Introduction: I'm attempting (and in part succeding) in replacing a number of folders with mounted VHDs in Windows Server 2008 R2, in an attempt to emulate UNIX' bahaviour with bind- or loop-mounts. This has proven to reduce a number of problems related to extreme fragmentation due to a mix of large and small files and the occasional and unpredictable rewriting thereof. (A third party app is doing what it wants, and I don't have the power to stop it.) It also makes it possible to snapshot in a reasonable way without duplicating everything.
The images are obviously regenerated as needed after the app breaks everything. (cp -aT oldmount newmount)
Problem: If the VHD image contains a NTFS filesystem, Windows requires administrator perms in order to create files (but not folders) in the filesystem root directory. This breaks the app when it attempts to make such files. (No, it is not an option to make the image root one folder up in the hierarchy). Thus far, I've solved this by using vFAT filesystems, which don't do any perm checking, but it would be very nice to have a few of the NTFS features like sparse files and per-file compression.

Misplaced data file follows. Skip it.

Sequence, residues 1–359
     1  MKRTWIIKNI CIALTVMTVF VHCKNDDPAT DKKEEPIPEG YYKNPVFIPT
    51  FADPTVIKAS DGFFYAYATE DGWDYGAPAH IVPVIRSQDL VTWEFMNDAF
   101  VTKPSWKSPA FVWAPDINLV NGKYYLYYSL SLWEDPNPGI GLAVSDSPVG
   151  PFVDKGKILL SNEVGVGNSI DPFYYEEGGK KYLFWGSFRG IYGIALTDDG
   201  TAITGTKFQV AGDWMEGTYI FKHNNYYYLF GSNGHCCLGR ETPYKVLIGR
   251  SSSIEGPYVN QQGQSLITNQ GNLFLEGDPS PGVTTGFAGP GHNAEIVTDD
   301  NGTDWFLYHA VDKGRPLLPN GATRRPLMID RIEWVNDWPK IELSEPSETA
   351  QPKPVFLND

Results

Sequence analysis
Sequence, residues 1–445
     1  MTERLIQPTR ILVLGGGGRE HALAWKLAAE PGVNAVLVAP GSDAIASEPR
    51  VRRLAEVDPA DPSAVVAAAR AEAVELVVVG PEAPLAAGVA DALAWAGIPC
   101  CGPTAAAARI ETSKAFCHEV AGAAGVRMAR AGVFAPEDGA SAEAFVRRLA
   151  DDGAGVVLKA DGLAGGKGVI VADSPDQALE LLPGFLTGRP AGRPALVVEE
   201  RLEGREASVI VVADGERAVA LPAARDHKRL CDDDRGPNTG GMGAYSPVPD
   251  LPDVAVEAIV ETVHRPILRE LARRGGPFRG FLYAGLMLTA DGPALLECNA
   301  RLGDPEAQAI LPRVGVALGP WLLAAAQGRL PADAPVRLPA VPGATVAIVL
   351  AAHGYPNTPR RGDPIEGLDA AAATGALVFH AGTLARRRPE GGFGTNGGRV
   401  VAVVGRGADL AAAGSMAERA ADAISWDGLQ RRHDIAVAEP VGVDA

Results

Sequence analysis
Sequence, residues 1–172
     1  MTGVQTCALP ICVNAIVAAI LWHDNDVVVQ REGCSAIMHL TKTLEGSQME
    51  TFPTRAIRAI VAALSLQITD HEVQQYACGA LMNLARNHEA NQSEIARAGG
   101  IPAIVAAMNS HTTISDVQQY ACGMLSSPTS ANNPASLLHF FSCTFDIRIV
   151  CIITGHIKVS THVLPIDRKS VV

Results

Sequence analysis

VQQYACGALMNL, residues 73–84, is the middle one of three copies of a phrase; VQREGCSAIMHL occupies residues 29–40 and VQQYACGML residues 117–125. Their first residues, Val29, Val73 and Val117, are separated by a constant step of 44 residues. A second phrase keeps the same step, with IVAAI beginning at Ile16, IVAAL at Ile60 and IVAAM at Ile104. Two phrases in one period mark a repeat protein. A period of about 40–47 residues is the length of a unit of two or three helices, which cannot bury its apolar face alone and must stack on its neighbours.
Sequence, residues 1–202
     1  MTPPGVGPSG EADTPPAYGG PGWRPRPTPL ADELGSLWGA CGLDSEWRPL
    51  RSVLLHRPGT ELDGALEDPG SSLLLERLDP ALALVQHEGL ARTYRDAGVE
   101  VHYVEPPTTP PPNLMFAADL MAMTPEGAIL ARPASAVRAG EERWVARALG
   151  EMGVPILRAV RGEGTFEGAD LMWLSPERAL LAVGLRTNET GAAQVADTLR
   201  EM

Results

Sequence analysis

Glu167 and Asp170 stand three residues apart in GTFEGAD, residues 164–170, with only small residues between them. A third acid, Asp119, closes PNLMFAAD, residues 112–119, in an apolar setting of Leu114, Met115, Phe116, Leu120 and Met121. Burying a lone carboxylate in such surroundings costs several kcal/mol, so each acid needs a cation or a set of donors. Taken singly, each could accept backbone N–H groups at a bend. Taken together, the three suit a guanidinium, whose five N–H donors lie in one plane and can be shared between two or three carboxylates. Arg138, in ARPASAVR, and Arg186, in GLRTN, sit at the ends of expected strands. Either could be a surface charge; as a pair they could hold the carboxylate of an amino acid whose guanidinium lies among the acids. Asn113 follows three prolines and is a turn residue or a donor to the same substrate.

I have tried fiddling with the perms I could think of, but "Full control" does not entail creating files, as far as I can tell.
TL;DR: How can I goad Windows Server 2008 R2 into letting users create and write files in the top-level directory of a mounted NTFS file system?
Addition: The app runs as my normal user ttbomk. I gave my both "Everyone" and my user "Full control" permissions, and set my user as the owner of the mount point (the root folder of the mount). I can create folders and edit existing files with no problems, but when creating a file (right click, new, text document) I get a UAC confirmation dialogue with title "Destination Folder Access Denied", text "You need to confirm this operation.; [name(not path) of mount]; Date created: [Creation date of mount]" and options to Continue, Skip or Cancel. When creating a file manually like this it's just an annoyance. The app just fails, silently for a while then with great spectacle when the unwritten data is needed.